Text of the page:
Type of door? Most pocket door installation kits are designed for 13/8 inch thick hollow flush doors weighing anything up to 75lbs (34kg). If you choose a heavier door then heavy duty hardware will support 13/4 inch weighing up to 175lb (80kg). Because of this wide range of available hardware strengths it is possible to choose almost any interior domestic style door including flush, louvred, glazed, mirrored or panel.
Maintenance? Your new pocket door will be sliding in and out of a hole in the wall for many years so you want one that is going to be relatively problem free. Choose a good quality kit costing as much as you can afford and don’t let a low price be the deciding factor.
Look for these features. A good quality kit will have these specific features and you should specifically look for them:
We have already said that pocket doors are good because they allow you to have a door opening when there is little space available. By their very nature however, pocket doors do not fit tight in their frames and will always allow cold draughts and light pollution to invade your warm and snug home. To fix this problem you will have to learn how to seal the door to prevent cold air and unwanted light from entering and leaving a room.
The first step in sealing your door is to identify what is causing the draught. Have a look around the pocket door and see if you can see anything obvious that might be allowing cold air to come through.
Fixing the pocket gap. You will often find that the pocket in the wall is itself one of the biggest causes of cold air movement. You will have to find a way of insulating any gaps between the door and the pocket opening. The best way to attempt this is to use the brush type draught excluder which will mould themselves around the door and allow it free movement along its track while still blocking off any openings. These brushes will effectively stop any draughts in whatever position the door is left.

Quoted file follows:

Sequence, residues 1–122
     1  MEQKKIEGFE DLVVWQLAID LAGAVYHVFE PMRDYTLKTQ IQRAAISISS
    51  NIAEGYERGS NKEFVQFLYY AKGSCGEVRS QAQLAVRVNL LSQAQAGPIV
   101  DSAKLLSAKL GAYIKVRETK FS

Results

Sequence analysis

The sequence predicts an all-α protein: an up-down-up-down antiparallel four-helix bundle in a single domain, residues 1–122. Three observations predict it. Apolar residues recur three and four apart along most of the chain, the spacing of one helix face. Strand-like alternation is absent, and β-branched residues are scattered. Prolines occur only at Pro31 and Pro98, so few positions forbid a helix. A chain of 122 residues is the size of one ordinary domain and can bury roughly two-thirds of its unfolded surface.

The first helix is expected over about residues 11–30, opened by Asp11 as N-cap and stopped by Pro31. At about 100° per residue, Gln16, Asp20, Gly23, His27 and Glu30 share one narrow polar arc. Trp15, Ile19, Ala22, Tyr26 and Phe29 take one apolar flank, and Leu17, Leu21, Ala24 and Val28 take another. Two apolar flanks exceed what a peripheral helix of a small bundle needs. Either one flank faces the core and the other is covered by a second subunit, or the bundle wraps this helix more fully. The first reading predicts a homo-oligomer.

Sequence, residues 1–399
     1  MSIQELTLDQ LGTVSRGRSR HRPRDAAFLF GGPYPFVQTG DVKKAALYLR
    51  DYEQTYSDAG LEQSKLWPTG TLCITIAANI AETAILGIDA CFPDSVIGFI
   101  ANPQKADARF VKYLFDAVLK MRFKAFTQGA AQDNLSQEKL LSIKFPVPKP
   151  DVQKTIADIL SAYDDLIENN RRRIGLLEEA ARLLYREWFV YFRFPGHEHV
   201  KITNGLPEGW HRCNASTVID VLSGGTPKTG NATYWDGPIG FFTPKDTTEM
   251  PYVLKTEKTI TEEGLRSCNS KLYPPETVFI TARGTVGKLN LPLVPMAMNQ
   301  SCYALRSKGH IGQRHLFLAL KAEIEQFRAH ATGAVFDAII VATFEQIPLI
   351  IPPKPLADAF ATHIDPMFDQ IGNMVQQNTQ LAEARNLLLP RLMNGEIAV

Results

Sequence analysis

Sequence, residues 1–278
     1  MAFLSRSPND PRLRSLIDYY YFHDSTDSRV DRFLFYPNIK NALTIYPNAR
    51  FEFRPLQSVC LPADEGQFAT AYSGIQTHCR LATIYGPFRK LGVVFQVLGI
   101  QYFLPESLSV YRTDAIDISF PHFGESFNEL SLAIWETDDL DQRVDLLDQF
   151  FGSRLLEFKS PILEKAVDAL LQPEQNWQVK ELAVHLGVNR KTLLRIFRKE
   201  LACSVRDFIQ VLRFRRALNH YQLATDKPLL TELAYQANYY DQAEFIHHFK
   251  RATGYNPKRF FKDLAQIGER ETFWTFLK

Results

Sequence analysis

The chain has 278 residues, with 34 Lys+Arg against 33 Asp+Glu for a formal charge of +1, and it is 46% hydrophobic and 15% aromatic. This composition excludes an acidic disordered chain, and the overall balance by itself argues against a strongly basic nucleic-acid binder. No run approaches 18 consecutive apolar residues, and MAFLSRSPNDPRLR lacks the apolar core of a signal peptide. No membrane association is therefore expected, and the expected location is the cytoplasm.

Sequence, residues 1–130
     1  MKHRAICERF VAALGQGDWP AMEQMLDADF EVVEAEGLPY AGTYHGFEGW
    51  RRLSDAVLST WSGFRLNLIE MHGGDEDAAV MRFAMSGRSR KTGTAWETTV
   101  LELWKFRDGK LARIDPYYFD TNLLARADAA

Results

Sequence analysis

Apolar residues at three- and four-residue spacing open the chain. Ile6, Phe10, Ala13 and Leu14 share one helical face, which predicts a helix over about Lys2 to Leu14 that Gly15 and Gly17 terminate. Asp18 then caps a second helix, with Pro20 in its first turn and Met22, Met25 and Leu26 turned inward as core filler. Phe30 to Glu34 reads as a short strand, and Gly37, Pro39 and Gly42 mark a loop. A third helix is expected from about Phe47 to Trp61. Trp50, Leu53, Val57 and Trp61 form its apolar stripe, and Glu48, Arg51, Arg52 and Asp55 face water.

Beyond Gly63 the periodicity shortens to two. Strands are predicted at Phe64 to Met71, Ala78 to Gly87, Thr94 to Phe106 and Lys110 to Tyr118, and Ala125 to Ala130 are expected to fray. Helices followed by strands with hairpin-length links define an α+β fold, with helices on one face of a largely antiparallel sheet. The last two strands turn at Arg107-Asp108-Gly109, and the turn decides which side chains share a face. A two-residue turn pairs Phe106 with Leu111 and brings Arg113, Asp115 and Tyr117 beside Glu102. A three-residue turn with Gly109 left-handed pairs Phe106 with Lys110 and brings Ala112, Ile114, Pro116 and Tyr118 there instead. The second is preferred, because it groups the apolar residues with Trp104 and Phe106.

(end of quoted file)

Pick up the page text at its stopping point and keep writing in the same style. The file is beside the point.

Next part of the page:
Is there a gap under the door? You may find that another possible location for a draught is from under the door. You will realise by now that pocket doors fit into rails or guides fixed onto the floor which allow the door to open and close along a predetermined route. You can fit brush type draught excluders along the bottom of the door to prevent any cold air from this location.
Is there a gap above the door? If you have a gap above the door you can fix this in exactly the same way. Another way is to screw lengths of 13/4” x 3/4″ timber onto the head jamb so it projects down past the top of the door.
Is there a gap on the lock jamb? When the door is closed and is tight up against the lock jamb of the frame or lining you will see if there is any gap between the edge of the door and the door lining. There usually is a gap, so once again you can use brush type draught excluders or lengths of wooden doorstop screwed to the jamb.
Test your seals. Once you have sealed everything obvious you will have to determine if you can still feel cold air. If you can, you will have to go over the process once again to see if anything has been missed.
Light seals. In the same way but using slightly different seals, you will be able to block any gaps to stop unwanted light as well.
Pocket doors are a brilliant idea and used to be very popular up until 1950. Interest in them declined as the fashion changed and people realised they were more trouble than they were worth. Recently with modern plastics and manufacturing methods it has been possible to produce pocket door kits that no longer suffer from the same problems and they are gaining in popularity once more.
This article has told you a bit about pocket doors, their advantages and disadvantages and how to install them correctly.
We hope you have come away from today’s article with some new knowledge or at the very least a different angle on something you already knew.
Thank you for reading.